Thursday, 19 January 2017

Upper Mellte - no surprises except a tame Robin

Another day in the Waterfalls - this time searching the Sgwd Clun-gwyn and Sgwd Isaf Clun-gwyn areas of the Mellte.  The morning was pretty slow, with a few colonies of Anastrophyllum hellerianum on Oaks about the sum total of interest.  We searched a lot of mist-zone Ash trees on the west bank below Sgwd Clun-gwyn, but despite an abundance of Lejeunea cavifolia they held none of its smaller relatives.  I wonder whether the river flows are perhaps not constant enough because of the reservoir upstream - something to investigate.  Eventually we crossed to the east bank and followed a gorge-walkers' path back down to the riverside, where Graham spotted a small patch of Drepanolejeunea on an Ash.  This was well downstream of the main-river waterfall, but was clearly associated with a cascading side stream.

Graham photographing the Drepanolejeunea, and the result he got

Progress downstream towards Sgwd Isaf Clun-gwyn was notable only for the paucity of notable bryophytes, although we did manage to locate some Colura in a gorse thicket.  At last we reached the Millstone Grit scree between Sgwd Isaf Clun-gwyn and Sgwd y Pannwr, and our luck changed.  Almost immediately we located Lepidozia cupressina, and not just a little bit: great mounds, with the largest covering over a square metre!  Graham found this population a few years ago, but only at its southern end, and today's visit allowed us to fully appreciate its extent: L. cupressina was frequent to abundant through a 100x40m area, with records from 17 different 8-figure GPS squares.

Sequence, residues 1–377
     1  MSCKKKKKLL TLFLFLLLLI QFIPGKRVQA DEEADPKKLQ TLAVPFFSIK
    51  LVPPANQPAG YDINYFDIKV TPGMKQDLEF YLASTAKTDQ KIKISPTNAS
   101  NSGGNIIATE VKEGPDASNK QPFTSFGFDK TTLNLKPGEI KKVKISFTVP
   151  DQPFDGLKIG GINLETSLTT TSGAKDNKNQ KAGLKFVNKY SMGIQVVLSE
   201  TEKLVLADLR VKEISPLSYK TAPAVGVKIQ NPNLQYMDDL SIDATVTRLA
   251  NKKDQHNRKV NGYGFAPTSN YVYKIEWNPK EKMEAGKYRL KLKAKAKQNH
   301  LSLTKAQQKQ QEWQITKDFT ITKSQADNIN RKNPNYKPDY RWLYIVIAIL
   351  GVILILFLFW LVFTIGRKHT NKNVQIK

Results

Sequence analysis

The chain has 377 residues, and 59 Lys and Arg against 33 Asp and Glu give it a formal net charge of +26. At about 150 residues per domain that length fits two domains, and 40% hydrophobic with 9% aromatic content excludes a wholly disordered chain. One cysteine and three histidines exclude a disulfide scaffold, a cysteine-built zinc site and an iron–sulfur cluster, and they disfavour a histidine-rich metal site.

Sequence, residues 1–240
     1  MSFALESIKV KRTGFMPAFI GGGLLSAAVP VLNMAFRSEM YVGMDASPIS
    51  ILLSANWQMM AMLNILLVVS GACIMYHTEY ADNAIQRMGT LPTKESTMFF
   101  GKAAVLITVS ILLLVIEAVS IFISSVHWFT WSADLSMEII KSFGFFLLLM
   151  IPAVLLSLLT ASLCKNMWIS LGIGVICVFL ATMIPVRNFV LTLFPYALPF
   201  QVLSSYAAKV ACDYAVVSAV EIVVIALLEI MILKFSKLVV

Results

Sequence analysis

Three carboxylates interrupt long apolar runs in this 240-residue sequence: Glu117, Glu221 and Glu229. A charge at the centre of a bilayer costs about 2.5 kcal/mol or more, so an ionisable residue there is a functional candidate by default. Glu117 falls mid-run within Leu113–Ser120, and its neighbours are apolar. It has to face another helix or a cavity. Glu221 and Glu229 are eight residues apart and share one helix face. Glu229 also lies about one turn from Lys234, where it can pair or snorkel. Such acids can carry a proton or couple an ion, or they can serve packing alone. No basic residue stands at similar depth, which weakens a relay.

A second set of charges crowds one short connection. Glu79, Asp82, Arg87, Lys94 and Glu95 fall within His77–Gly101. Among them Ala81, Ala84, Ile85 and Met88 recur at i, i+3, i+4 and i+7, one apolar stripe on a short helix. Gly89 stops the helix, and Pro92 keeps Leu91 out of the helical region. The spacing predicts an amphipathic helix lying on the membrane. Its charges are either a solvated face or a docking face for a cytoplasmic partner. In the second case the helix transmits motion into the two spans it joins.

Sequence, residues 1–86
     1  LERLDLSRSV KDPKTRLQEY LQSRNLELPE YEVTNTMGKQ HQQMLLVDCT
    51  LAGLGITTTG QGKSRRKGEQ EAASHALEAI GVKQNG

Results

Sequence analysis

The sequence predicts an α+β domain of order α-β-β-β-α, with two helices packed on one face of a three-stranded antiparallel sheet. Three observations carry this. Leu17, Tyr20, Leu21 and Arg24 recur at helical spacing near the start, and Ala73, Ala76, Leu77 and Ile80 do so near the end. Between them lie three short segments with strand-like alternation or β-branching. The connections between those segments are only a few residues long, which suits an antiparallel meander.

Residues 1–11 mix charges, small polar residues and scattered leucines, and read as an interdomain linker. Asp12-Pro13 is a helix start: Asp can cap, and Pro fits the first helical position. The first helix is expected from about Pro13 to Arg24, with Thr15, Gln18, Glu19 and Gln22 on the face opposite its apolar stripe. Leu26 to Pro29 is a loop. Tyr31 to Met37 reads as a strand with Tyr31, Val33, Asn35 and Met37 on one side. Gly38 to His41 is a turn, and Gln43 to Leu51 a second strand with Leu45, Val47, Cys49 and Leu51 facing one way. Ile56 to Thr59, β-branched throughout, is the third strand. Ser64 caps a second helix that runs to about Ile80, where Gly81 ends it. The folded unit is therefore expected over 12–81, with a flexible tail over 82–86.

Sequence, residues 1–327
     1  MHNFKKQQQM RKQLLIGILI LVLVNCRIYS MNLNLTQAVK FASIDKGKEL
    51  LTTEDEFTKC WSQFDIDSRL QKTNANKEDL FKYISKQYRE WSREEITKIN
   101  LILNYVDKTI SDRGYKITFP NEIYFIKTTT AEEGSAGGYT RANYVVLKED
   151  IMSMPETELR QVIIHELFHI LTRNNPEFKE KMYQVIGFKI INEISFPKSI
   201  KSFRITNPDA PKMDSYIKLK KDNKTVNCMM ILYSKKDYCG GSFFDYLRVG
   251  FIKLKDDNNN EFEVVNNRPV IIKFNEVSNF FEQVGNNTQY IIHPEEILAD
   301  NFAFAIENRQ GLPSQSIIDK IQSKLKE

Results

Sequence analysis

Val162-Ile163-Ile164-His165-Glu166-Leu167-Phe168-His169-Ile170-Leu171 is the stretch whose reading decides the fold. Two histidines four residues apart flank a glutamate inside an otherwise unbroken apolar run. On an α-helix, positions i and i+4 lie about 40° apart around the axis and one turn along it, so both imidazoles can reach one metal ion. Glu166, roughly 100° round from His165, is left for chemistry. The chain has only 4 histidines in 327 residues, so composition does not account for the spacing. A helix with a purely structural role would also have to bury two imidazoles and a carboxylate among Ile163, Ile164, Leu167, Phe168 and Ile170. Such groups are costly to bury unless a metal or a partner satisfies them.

All of the bryophyte cover on the rocks and tree base in the left photo is L. cupressina!

I found a particularly photogenic patch of Lepidozia and tried to photograph it.  In flew a curious Robin, which landed on the Lepidozia and even ate a scrap of cheese from my finger.  This perky little character is clearly used to tourists, and followed us around for nearly half an hour.

The scree woodland also held a few patches of Jamesoniella autumnalis - the only time we saw it during the day - as well as several colonies of Plagiochila punctata.  Speculative collections of potential Hylocomium umbratum and Hypnum callichroum will be investigated fully tomorrow.

Large Jamesoniella autumnalis with red leaves, which had me hoping for Mylia, and potential Hylocomium umbratum (which is probably just H. brevirostre)


  1. I wonder if you're the only person in the world to have photographed a robin stood on Lepidozia cupressina.

    That really is a magnificent patch of Lepidozia!

  2. We also had a ludicrously tame Robin, which we fed crumbs of cheese, but a little bit further down the valley. I think the most exciting thing that one perched on was Diplophyllum!

  3. Neither of my speculative collections were correct: funny saxicolous H andoi with oddly long setae (or H callichroum without a hyalodermis) and smallish Loeskeobryum brevirostre.